|ZHOU, LIJUAN - University Of Florida|
|POWELL, CHARLES - University Of Florida|
|LI, WENBIN - Animal And Plant Health Inspection Service (APHIS)|
|IREY, MIKE - Us Sugar Corporation|
Submitted to: PLOS ONE
Publication Type: Peer Reviewed Journal
Publication Acceptance Date: 12/5/2013
Publication Date: 12/13/2013
Citation: Zhou, L., Powell, C.A., Li, W., Irey, M., Duan, Y. 2013. Prophage-mediated dynamics of ‘Candidatus Liberibacter asiaticus’ populations, the destructive bacterial pathogens of Citrus Huanglongbing. PLoS One. 8(12):e82248. doi:10.1371/journal.pone.0082248.
Interpretive Summary: “Candidatus Liberibacter asiaticus” (Las) is one of the three Liberibacter species associated with citrus Huanglongbing (HLB), a newly emerging and century-old devastating disease of citrus worldwide. In this study, we investigated two other highly diversified regions of Las prophages and revealed the prophage/phage-mediated population dynamics of Las in plant and insect hosts, and their correlation with disease symptoms. There were nine different types of Las population based on two hyper-variable regions of Las prophages/phages. Among them, Types A and B share highly conserved sequences and localize in the two prophages, FP1 and FP2, respectively. Type A population was much more abundant in the Las-infected psyllid than the Las-infected host plants. Type A, B, C and D are the four abundant types in Las-infected citrus and periwinkle. However, only three, Type A, B and C are abundant types in Las-infected psyllids. Intriguingly, the Type D was not present in the psyllilds, but was associated with blotchy mottle symptom. These results indicated the prophages/phages are the driving force for the genetic diversity of Las, and the Las bacterial population dynamics are different in different plant and insect hosts. These finding are important for epidemiology and development of new control strategies of citrus HLB.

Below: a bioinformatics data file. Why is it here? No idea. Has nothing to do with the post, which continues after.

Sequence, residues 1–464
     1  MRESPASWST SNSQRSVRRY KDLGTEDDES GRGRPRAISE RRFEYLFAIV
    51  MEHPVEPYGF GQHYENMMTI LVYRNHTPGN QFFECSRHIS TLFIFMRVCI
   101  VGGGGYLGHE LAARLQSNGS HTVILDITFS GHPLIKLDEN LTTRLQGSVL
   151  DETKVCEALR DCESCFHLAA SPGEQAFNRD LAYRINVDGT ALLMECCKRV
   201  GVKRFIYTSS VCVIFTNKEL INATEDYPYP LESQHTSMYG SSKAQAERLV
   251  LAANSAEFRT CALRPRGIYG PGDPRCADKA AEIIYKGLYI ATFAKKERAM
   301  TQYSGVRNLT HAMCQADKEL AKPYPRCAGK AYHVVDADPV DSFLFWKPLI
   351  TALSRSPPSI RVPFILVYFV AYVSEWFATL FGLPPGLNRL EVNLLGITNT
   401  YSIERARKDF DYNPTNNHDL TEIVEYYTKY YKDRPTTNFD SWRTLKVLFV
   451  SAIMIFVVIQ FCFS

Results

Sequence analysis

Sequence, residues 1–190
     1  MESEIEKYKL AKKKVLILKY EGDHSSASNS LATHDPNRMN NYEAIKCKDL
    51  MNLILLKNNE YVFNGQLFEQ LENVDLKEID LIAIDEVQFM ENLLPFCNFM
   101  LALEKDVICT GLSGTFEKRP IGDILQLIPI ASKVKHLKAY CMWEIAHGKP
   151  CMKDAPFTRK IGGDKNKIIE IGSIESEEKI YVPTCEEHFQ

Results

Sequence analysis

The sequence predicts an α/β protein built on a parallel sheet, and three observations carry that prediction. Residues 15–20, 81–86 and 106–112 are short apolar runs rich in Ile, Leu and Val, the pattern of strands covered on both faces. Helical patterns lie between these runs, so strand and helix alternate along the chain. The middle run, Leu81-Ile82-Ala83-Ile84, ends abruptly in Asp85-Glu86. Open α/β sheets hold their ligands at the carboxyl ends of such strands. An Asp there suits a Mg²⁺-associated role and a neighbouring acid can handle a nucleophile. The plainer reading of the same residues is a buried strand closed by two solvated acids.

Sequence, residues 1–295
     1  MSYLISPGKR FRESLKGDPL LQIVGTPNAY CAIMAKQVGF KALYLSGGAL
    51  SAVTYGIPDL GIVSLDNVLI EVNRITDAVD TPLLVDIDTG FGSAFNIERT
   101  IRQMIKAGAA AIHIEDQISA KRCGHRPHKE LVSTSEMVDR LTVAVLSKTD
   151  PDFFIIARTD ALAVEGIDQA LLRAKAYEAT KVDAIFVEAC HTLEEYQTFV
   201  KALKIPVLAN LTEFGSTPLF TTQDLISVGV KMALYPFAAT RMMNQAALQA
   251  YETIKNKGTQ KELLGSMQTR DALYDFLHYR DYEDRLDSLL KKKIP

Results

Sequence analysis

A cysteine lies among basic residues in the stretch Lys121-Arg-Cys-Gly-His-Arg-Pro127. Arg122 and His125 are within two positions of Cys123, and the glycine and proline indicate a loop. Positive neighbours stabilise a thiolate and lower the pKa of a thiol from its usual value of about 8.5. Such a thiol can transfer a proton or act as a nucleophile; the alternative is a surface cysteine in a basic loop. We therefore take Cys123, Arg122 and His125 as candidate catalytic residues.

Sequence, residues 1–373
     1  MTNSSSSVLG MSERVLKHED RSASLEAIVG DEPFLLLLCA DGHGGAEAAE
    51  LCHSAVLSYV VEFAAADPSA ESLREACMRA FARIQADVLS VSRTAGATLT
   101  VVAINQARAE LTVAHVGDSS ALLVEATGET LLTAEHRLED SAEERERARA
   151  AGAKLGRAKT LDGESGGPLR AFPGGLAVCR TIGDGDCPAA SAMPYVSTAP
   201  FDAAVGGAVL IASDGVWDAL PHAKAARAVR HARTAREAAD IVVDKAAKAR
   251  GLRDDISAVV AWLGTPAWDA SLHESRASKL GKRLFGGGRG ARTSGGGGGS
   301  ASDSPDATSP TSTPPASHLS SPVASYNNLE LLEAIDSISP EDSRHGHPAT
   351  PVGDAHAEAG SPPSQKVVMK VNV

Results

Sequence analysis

Technical Abstract: Prophages are highly dynamic components in the bacterial genome and play an important role in intraspecies variations. There are at least two prophages in the chromosomes of Floridian ‘Candidatus Liberibacter asiaticus’ (Las) isolates. In this study, seven additional types of variants were identified from two hyper-variable regions. Among them, Types A and B share highly conserved sequences and localize in the two prophages, FP1 and FP2, respectively. Although Types A, B and C are all more abundant in our three libraries from Las-infected psyllid, citrus and periwinkle, Type A was much more abundant in the Las-infected psyllid than the Las-infected host plants. Sequence analysis of these variants revealed that the variations might result from recombination and reassortment. Conventional PCR results using type-specific primers indicated that A, B, C and D are the four abundant types in Las-infected citrus and periwinkle. However, only A, B and C are abundant types in Las-infected psyllids. Typing result for Las-infected citrus field samples indicate that only the Type D population was directly associated with huanglongbing (HLB) symptoms. Extended sequencing of the Type D region revealed a potential third prophage/phage in the Las genome. Dramatic variations in these prophage regions were also found among the global Las isolates. These results first demonstrate prophage/phage-mediated population dynamics in plant and insect hosts, and their correlation with disease symptoms. The methods for detection and differentiation of Las populations are also exemplified here.